How fast are my logins? I need to know!!!

Logon duration is a metric that ControlUp displays for every monitored user session, along with a breakdown of the logon process into phases. So for a quick answer, go ControlUp – you should be able to set it all up within an average of 5 slow logins 🙂

The PowerShell freaks among you can help themselves to some resources for investigating logon duration in depth:

Is there more? 

Always. We have some more interesting insights regarding the duration of the individual phases of the logon process (profile load time, group policy, shell load, and other components). We built ControlUp Insights for the purpose of delivering globally acquired knowledge to IT pros, and we intend to deliver, so stay tuned!

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Comments (4)

  • Nick Rintalan | February 23, 2016 at 2:33 pm Reply

    Hi Eugene – this is great stuff and I was hoping someone would expose this data soon. I get asked this question all the time and I always respond with something like this – “if you’re under 30 seconds, you’re doing well. If you’re over 30 seconds, something is probably not quite right.” But now it’s great to have some data actually back my statement up – but is it true this data is only coming from 16 different companies right now? The # of logon events at 1.8M is impressive, but I think we need data from a lot more companies or orgs. Because what I’ve found in my 12 years of Consulting at Citrix is that the average login time is more like 45-60 seconds, at least in the ENT space where I spend 90% of my time. And I’ve seen everything from 6 seconds to 5 minutes. If everyone was getting 27-29 seconds, I wouldn’t be getting as many phone calls. 😉

    Anyway, let me know if the # of orgs is truly 16 and how big these orgs are if you can. This is great stuff though – congrats to the ControlUp team for including this telemetry in the product and exposing the data to the community.


    Nick Rintalan, Lead Architect, CCS

    • Eugene Kalayev | February 23, 2016 at 4:08 pm

      Hey Nick!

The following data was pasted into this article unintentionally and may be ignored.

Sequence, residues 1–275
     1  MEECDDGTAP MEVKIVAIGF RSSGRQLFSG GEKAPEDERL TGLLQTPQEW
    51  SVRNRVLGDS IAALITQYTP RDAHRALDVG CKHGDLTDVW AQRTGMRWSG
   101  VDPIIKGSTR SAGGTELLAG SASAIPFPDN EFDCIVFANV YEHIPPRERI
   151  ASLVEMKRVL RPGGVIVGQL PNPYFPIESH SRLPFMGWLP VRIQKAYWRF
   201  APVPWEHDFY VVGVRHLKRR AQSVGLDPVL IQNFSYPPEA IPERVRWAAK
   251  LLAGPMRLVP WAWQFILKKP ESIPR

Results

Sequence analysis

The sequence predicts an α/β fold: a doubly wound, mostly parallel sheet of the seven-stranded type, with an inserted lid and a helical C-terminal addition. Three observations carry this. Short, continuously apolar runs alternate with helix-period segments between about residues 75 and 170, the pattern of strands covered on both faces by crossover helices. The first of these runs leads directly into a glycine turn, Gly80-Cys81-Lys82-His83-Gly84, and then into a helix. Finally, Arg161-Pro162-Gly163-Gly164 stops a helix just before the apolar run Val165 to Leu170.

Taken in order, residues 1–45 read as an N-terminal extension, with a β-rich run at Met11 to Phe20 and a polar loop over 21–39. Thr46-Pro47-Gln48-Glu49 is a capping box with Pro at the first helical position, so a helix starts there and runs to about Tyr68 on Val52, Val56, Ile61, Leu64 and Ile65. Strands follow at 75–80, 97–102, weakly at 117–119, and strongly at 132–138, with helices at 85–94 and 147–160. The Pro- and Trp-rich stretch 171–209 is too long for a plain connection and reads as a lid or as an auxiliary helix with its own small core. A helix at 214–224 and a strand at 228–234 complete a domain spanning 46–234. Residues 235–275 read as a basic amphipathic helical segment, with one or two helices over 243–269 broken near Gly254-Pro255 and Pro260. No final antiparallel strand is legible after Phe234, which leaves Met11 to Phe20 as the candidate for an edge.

Thanks a lot for the warm words. Really glad you find the stats interesting.

      As for your questions:
      Yes, this sample included 16 organizations, with sizes ranging from a few hundreds to a few thousands CCU.
      As for the average – I wouldn’t like to state that everyone was getting 27-29 seconds, only that it was the average between organizations. I didn’t dive into more details here for brevity’s sake, but in fact most logons in the sample were faster than that.

      As soon as I find a couple of hours to write it up, I’m going to publish a second round of stats, this time for 100+ organizations. Following your comment, I think this time I’m going to include some more detailed stats on the distribution of logons.

      Thanks again, and stay tuned!

  • Al Boyce | April 5, 2016 at 4:01 pm Reply

    Thanks for the information Eugene!
    There’s some other things I’m trying to figure out in our environment. Sometimes our average logon duration goes up from say 16 seconds to 21 seconds on a particular day and, when I look at sessions, I see a couple hundred people with durations of more than 90 seconds. That skews the average considerably and nearly all of their lag is in the “Logon Duration – Other” category.

    It would be nice if there was an easy way to determine whether these outliers come from a particular part of the network, or are hitting a couple “laggy” Citrix servers. Any ideas on where we could parse that out?

    Thanks again!

    • Eugene Kalayev | April 6, 2016 at 3:06 pm

      Hey Al,
      As always, great to hear from you!
      First of all, the situation you’re describing is very similar to what we see in most networks – some logons are abnormally long, and more often than not we find that those conditions result from detectable misconfigurations that can be fixed. I will elaborate on that in the second part of this article, which is in the works right now.
      High variance in the “Logon Duration – Other” category is another typical finding. I suggest you look at this post by my colleague Niron Koren for suggestions on dissecting the logon process phases. There’s a script-based action for ControlUp that can help you find the culprit/s.
      Regarding the way to find out systematic patterns in your slow logons, it’s something that offer in ControlUp Insights. There you can easily sort your historical sessions by logon duration and observe the common properties (like the same server or client IP range). For on-premises customers such as yourself, we are working on a great offline Insights platform, to become available later this year. I bet you’ll be among the first ones to hear about the beta version once it becomes available 🙂
      For now, as a workaround, I would suggest creating an export rule that will export the Sessions view to the disk, pick some sample files for times of interest and then sort the files by logon duration. Simple trends like specific laggy servers or remote subnets should be easy to spot. To identify trends in multiple files, perhaps we can hack a PowerShell script to identify common factors from sessions with slow logons. Let us know if you would like to look into this option.